Will historians find Donald Trump’s impeachment remarkable because Republican politicians turned a blind eye to such egregious wrongdoing and acquitted him? Or will they find it remarkable because it was the last time a cadre of Republican officials publicly turned against Trump?
While most of the career civil servants who defied the president by testifying in the impeachment inquiry do not publicly identify as Republican, many were Trump appointees with strong Republican ties, while other key figures such as former national security advisor John Bolton are wizened party warriors.
In the end, only one elected Republican, Mitt Romney, voted against Trump, making the question of his ultimate survival of impeachment not even close. So, while Trump will forever be an impeached president, his acquittal should count as a major political win. Here’s how it went down:
The base stuck with him
In a string of speeches this week, Republican senators have explained their votes to acquit Trump by impugning the strength of the Democratic case, repeating quibbles with the process in the House of Representatives, and expressing offense at various things the impeachment managers or top Democrats said or did.
But did Trump really avoid removal because House speaker Nancy Pelosi passed out pens after the articles of impeachment were signed, or because lead impeachment manager Adam Schiff made reference to a news story about senators’ heads on pikes?
A more likely explanation for Trump’s survival was the unchanging opposition of the Republican base to removal. The proportion of Republicans favoring removal fluctuated between 8% and 10%, while support for removal among Independents was likewise stationary at around 42%, according to FiveThirtyEight. That wasn’t enough pressure to get lawmakers’ attention.
Elected Republicans stayed in line
Where the base goes, the elected politicians shall follow, and in this case the base went nowhere. And so elected Republicans went nowhere, with the exception of Romney supporting Trump from (Senator Lamar) Alexander to (Representative Lee) Zeldin.
Senate majority leader Mitch McConnell, Republican Lindsey Graham and others said before the trial that they would not be impartial jurors, despite a sworn oath of impartiality they took as the trial began. Against such loyalty to Trump, what piece of evidence or argument could be expected to make a dent?
In some cases, the extent of Republicans’ defense of Trump seemed to exceed what was strictly necessary to protect the president from removal. Instead of questioning witnesses, Republicans in the House wove conspiracy theories about Hunter Biden. Instead of calling witnesses, Republicans in the Senate withheld at length on the sheer impossibility of knowing what Trump was thinking when he withheld aid to Ukraine.
The Senate is broken
From the dust of Democratic losses in the 2014 midterm elections halfway through Barack Obama’s second term rose a new Senate majority leader, McConnell, who cruised in with a 10-seat majority on sub-basement turnout.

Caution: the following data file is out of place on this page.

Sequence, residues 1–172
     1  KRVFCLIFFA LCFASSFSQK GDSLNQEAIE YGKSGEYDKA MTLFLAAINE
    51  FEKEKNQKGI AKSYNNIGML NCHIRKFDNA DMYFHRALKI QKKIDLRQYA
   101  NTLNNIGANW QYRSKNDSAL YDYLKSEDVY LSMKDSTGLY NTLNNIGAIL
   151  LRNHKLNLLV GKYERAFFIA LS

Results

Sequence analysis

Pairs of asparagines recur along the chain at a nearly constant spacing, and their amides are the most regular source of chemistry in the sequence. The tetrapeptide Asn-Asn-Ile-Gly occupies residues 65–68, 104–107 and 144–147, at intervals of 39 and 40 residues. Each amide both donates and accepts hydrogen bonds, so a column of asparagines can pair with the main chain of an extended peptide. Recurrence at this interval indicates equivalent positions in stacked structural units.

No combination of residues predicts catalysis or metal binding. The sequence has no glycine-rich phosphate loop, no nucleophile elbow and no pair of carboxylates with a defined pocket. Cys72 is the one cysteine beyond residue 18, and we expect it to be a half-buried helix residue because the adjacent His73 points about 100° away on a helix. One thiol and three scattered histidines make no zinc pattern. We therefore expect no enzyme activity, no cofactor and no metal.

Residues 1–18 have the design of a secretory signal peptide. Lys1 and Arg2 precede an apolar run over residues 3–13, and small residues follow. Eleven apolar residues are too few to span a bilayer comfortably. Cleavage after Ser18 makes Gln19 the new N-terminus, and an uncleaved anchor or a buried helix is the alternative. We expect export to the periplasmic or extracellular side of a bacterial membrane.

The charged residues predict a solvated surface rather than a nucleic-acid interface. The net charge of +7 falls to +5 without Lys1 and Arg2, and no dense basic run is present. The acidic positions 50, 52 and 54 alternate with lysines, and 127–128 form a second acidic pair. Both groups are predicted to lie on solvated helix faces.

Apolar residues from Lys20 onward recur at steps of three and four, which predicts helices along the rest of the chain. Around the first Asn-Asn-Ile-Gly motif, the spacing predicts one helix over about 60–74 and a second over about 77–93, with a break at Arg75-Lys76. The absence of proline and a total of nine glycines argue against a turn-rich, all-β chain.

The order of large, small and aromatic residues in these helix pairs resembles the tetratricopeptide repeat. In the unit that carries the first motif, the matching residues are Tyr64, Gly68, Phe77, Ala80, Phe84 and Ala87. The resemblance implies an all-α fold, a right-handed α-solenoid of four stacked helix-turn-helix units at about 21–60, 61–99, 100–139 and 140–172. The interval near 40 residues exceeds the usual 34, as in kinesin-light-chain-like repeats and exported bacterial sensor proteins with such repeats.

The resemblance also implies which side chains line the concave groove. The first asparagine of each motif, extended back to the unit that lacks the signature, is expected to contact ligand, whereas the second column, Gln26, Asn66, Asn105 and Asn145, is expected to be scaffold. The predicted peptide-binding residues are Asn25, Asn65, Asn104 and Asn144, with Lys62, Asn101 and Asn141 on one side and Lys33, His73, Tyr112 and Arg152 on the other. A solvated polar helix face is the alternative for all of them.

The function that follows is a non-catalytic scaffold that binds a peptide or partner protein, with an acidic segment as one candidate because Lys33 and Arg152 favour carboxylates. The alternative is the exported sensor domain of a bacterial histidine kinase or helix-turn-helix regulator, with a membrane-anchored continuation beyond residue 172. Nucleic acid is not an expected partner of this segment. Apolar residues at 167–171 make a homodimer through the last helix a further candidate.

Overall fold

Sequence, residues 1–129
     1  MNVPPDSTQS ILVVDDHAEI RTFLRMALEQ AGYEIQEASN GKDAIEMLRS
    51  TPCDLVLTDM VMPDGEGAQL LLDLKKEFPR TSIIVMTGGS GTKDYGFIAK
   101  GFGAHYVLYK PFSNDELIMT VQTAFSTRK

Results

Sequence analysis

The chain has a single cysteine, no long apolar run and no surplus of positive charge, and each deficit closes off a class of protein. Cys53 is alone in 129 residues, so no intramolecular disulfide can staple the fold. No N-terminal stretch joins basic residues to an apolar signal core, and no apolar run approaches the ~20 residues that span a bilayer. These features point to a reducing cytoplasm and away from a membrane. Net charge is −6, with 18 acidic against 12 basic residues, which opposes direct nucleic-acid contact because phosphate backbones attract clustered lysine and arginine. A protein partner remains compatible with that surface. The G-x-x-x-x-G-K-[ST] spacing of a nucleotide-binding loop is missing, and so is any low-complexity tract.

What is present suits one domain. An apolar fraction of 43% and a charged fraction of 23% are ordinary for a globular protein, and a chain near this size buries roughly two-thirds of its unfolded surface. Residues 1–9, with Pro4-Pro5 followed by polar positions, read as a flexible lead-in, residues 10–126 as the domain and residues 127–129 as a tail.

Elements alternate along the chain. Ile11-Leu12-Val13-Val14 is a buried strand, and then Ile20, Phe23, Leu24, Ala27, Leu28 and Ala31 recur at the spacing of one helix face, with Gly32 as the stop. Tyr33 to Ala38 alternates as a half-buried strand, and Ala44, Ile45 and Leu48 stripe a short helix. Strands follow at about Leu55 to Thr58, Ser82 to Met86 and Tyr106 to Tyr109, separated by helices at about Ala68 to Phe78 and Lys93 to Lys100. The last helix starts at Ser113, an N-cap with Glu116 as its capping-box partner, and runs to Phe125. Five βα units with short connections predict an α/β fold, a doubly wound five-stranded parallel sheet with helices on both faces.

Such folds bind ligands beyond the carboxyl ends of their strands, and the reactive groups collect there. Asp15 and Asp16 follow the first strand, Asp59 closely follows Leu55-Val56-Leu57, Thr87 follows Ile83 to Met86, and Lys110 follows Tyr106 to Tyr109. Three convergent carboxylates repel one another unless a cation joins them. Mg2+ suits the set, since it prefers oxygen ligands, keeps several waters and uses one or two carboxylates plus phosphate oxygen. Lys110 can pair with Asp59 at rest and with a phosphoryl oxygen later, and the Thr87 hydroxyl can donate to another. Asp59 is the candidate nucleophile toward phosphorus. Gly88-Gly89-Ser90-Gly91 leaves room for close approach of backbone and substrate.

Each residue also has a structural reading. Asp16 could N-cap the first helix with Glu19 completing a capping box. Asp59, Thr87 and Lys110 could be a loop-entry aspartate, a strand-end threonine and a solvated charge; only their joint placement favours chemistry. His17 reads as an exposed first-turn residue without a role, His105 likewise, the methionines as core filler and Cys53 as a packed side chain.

In the two US Senate election years since then, Democratic candidates have attracted a whopping 29 million more votes than Republican candidates – but the Republican majority has shrunk by only a couple seats. That’s because each state gets two senators no matter how few people live there.
In short, the US Senate is not representative of the country, which as a whole favored the introduction of witnesses and documents at the trial, a step blocked by Republicans.
Mind-blowing stat: 48 Senators who voted to convict Trump represent 18 million more Americans than 52 Republicans who voted to acquit
— Ari Berman (@AriBerman) February 5, 2020
No thanks to Schiff
Whatever factors Trump can point to that aided his survival in office, not on the list is the performance of the House impeachment managers, led by intelligence committee chair Schiff.
As soon as Democrats realized the White House was trying to prevent a whistleblower complaint from reaching Congress, Schiff opened the investigation that Pelosi deemed a formal impeachment inquiry on 24 September. Over the next four-plus months, Democrats fought against a blanket gag imposed by Trump to gather evidence and bring the details of the case to the public.
After Trump ordered his administration to refuse to comply with subpoenas, Republicans faulted Democrats for failing to gather evidence. After lawyers for Bolton threatened the House with a lawsuit if he were subpoenaed, Republicans faulted Democrats for not issuing the subpoena.
Against each obstacle, the managers and staff worked forward, conducting depositions, holding public hearings, issuing public reports and finally prosecuting the case in the Senate well. At trial, Schiff in particular anthologized the facts against Trump to weave damning accounts of the president’s conduct.
However Trump will claim victory at having escaped removal, the case against him is in the can.
Source: The Guardian